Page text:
Every year for the past 20 plus years, I start watching my forsythia bush for fattening buds. Then I look over to the emerging daffodils. Why? I need to have the visual that phenology is still in place and the world hasn’t gone “to heck in a handbasket” over the winter.
Phenology is the study of the cyclic relationship between climate, plant and animal life. In the case of the forsythia/daffodil relationship it has been the same time clock over the years. First, the forsythia blooms followed by the daffodils blooming within two weeks.
In the mid-west, the old-time farmers watched for “when the oak leaves are the size of a squirrel’s ear,” as the indicator to sow their corn. Another was “when apple trees shed their petals it is time to sow corn.” With soil science information becoming more available to the home gardener, we have learned that proper soil temperature is what drives seed germination. Some seeds do germinate at soil temperatures of 45 to 50 degrees. However, the crops most gardeners want in their summer vegetable garden: tomatoes, corn, cukes, beans, require the optimum soil temperature of 75 degrees for in-ground seed planting. The moral of the story: If you want success, buy a soil thermometer.
Now that I am assured spring gardening in Central Oregon is on its normal path, I will continue on with my yearly shopping list of perennials. That’s the list that usually starts in the middle of winter when you are suffering from insomnia and you get out of bed and look at a nursery catalog. By the time April arrives, the wants and desires list is extensive and needs to drastically be cut back. That’s hard to do when you want it all.
The sensible and economical process is to think about and make a list of what your criteria are for your landscaping plants. I have the “friendly five” deer that visit almost daily. Needless to say, I look for deer resistance knowing full well they will probably nibble, especially the young ones, but won’t have a feast. Also high on my list is a low-water requirement. These two criteria limit the choices somewhat but it does make the best use of my landscaping budget.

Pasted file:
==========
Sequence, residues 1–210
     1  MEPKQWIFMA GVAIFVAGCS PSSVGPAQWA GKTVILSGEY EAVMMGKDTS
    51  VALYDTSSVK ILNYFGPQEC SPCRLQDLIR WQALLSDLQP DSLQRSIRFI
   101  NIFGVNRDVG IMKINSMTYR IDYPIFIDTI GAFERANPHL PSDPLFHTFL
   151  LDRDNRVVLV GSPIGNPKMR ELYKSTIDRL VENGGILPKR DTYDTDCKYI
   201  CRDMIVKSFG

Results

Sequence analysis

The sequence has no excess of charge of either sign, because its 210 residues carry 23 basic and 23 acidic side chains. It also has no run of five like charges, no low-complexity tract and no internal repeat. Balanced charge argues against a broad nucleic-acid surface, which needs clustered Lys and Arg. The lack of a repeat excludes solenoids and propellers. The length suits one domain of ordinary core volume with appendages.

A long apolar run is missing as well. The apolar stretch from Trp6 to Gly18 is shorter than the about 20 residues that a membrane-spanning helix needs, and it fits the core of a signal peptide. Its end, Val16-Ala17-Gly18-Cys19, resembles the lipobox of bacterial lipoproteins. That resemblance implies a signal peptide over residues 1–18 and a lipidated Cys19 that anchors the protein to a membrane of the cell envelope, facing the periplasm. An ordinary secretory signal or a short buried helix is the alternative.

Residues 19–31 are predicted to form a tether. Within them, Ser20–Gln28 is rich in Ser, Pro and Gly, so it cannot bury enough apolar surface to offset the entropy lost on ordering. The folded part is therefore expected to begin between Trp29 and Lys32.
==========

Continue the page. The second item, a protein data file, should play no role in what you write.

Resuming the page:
The selections increase when I refer and sort through the native plants for Central Oregon that are available and will meet my desire for color and texture.
Desert sweet, chamaebatiariar millefolium, a deciduous shrub listed on the Native Plant for Central Oregon list is one that I am planning on adding this year.
Desert sweet is also known as fernbush for its fern-like leaf appearance. The small shrub produces white flowers that are sweetly aromatic. In addition to the aromatic flowers, the leaves have a sticky quality which is also a deer deterrent feature.
The preferred growing condition for the irregular, un-kept-looking shrub is in full sun. Desert Sweet is listed in the OSU publication “Water-wise Gardening in Central Oregon,” EM 9136.
I will also be looking for agastache berberi or hummingbird mint, which is considered to be a magnet for butterflies and hummingbirds. This group has many common names. Hummingbird mint and anise hyssop are two of the more hardy varieties. I have ‘golden jubilee’ anise hyssop, which has overwintered in a planter for at least five years.
Salvias are on my list for their pollinator quality and attraction for bees. The varieties are cold hardy, deer resistant, and listed on the water-wise plant list. With the exception of “east friesland,” most varieties will not reseed. The plant benefits by deadheading to encourage a second bloom.
The air temperatures may be going the full range of unpredictable spring weather but plant growth is happening. Every day I discover something new has popped out of the soil. The alliums are showing strong growth which reminds me to add more bulbs to the fall shopping list. The lists never end.
Resources: Selecting native plants for home landscapes in Central Oregon, https://catalog.extension.oregonstate.edu/ec 1623